There are many reasons for Arizona to reject the Obamacare Medicaid expansion, but one reason which has not gotten the attention it deserves is the increasing possibility that the provider tax being proposed to fund the expansion may be reduced or phased out, leaving Arizona with a bill we cannot afford.
In selling the Medicaid expansion to Arizona, supporters have proposed financing the expansion with a provider tax levied on hospitals. The money generated from the provider tax would then be used by the state to draw down federal matching dollars. The provider tax, however, is by no means a safe and secure funding mechanism.
The Simpson Bowles Commission recommended limiting the provider tax to save $49 billion dollars. President Obama’s FY2012 budget proposed reducing the maximum provider tax from 6% to 3.5% to reduce federal spending by $18.4 billion. Senator Durbin (D-IL) said the provider tax was “a bit of a charade” and Senator Corker (R-TN) has recommended its complete elimination. The nonpartisan Congressional Budget Office has also noted that limiting or eliminating the provider tax would save the government billions of dollars.
In February, House Republicans noted various policy proposals which they would consider as a means of avoiding the sequester–one of these proposals was a decrease in the Medicaid provider tax. This was merely the latest in a series of recent bipartisan attacks on the provider tax.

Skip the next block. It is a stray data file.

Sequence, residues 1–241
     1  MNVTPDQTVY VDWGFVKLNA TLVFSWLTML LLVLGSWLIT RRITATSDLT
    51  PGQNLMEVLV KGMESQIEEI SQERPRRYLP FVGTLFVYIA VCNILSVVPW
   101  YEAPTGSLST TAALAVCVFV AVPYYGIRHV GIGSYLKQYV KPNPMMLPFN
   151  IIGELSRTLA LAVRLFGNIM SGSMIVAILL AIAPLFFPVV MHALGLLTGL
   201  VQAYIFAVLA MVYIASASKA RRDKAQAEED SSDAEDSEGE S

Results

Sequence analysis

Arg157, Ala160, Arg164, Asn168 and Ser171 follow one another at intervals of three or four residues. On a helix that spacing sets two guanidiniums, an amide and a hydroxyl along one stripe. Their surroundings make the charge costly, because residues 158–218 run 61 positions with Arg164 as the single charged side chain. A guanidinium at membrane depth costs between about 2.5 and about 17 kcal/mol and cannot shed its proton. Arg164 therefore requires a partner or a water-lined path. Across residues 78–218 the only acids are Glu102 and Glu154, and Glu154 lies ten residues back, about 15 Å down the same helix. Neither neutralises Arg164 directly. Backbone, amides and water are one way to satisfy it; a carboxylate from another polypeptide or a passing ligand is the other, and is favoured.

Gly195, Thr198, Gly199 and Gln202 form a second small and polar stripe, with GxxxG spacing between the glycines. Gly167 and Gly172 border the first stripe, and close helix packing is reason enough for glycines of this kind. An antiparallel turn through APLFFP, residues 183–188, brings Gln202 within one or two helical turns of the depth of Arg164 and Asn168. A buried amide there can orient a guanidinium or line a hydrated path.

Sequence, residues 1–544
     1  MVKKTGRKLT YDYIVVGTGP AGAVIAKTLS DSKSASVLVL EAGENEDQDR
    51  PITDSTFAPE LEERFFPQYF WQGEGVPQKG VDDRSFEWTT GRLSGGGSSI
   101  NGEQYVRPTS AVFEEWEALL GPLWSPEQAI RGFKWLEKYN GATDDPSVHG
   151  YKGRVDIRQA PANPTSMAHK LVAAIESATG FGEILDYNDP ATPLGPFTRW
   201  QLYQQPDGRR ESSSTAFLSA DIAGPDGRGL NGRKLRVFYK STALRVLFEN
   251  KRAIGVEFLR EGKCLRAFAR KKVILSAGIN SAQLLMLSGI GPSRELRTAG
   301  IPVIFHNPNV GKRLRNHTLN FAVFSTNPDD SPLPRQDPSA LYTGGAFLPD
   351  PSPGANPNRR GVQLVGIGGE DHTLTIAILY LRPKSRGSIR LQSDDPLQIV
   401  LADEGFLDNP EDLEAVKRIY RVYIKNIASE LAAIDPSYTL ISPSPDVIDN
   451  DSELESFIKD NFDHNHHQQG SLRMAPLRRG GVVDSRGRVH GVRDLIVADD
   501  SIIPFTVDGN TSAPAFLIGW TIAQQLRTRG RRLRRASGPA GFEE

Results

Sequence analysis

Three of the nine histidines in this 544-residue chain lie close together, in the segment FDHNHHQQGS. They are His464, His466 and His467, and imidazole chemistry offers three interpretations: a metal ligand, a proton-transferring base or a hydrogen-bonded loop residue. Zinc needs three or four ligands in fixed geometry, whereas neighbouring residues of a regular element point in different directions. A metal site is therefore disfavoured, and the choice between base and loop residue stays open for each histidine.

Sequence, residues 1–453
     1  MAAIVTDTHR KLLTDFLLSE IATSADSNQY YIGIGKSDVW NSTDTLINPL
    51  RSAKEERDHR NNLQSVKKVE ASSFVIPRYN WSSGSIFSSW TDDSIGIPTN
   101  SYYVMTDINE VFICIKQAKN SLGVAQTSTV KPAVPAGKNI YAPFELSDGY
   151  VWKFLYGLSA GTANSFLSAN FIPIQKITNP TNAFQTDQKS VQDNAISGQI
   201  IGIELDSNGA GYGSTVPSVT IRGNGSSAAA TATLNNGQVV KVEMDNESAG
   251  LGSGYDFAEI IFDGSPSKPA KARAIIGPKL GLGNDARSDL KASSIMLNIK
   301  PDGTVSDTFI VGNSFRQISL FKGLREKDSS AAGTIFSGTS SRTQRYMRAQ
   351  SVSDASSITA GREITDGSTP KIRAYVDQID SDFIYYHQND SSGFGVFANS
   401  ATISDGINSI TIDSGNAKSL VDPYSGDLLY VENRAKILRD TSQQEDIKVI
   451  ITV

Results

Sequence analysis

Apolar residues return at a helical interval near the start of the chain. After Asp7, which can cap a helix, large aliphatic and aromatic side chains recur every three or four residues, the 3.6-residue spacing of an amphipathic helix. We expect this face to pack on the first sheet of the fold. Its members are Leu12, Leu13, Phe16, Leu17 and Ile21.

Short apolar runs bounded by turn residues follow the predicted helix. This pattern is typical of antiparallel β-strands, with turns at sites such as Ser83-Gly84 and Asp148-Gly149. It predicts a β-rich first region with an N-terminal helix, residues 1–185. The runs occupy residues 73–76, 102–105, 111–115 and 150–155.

As Washington’s debt problem grows, the question is not if the federal government will continue to reduce spending beyond the sequestration cuts, but when. If the provider tax is one of the cuts, as it seems increasingly likely to be, Arizona will be left with a very expensive bill. The so-called “circuit breaker” aimed at reducing Medicaid spending by the state if the feds don’t meet their obligations wouldn’t help in this situation because it is to be tied to a separate issue—the federal matching rate for newly eligible Medicaid enrollees.
The Arizona legislature should take note of these recent proposals from Washington and keep in mind that the proposed funding mechanism rests on shaky ground. If Washington eliminates or reduces the Medicaid provider tax, Arizona taxpayers will be left holding the bag. The best answer is to simply say no to the expansion.
Washington Post Editorial: A much-needed Medicaid reform
Kaiser Family Foundation: Issue Brief: Medicaid Financing Issues: Provider Taxes
Politico: Some In GOP want sequester deal